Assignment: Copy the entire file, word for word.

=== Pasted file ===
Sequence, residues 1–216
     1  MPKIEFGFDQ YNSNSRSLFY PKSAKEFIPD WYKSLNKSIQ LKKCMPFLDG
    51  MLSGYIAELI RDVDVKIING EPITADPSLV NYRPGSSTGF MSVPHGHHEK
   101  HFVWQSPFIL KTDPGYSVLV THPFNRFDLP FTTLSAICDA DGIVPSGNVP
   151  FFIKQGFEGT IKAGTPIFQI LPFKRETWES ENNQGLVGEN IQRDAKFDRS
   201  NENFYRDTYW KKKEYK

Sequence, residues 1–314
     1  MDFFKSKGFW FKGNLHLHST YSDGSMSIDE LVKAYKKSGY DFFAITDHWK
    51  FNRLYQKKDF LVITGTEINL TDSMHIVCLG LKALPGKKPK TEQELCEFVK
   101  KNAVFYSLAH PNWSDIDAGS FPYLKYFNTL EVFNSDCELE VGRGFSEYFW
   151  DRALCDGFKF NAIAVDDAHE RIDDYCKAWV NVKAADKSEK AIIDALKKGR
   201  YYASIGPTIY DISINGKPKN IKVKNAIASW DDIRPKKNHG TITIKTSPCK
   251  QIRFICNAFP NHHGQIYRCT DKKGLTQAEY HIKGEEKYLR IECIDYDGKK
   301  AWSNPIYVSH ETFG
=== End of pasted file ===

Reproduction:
Sequence, residues 1–216
     1  MPKIEFGFDQ YNSNSRSLFY PKSAKEFIPD WYKSLNKSIQ LKKCMPFLDG
    51  MLSGYIAELI RDVDVKIING EPITADPSLV NYRPGSSTGF MSVPHGHHEK
   101  HFVWQSPFIL KTDPGYSVLV THPFNRFDLP FTTLSAICDA DGIVPSGNVP
   151  FFIKQGFEGT IKAGTPIFQI LPFKRETWES ENNQGLVGEN IQRDAKFDRS
   201  NENFYRDTYW KKKEYK

Sequence, residues 1–314
     1  MDFFKSKGFW FKGNLHLHST YSDGSMSIDE LVKAYKKSGY DFFAITDHWK
    51  FNRLYQKKDF LVITGTEINL TDSMHIVCLG LKALPGKKPK TEQELCEFVK
   101  KNAVFYSLAH PNWSDIDAGS FPYLKYFNTL EVFNSDCELE VGRGFSEYFW
   151  DRALCDGFKF NAIAVDDAHE RIDDYCKAWV NVKAADKSEK AIIDALKKGR
   201  YYASIGPTIY DISINGKPKN IKVKNAIASW DDIRPKKNHG TITIKTSPCK
   251  QIRFICNAFP NHHGQIYRCT DKKGLTQAEY HIKGEEKYLR IECIDYDGKK
   301  AWSNPIYVSH ETFG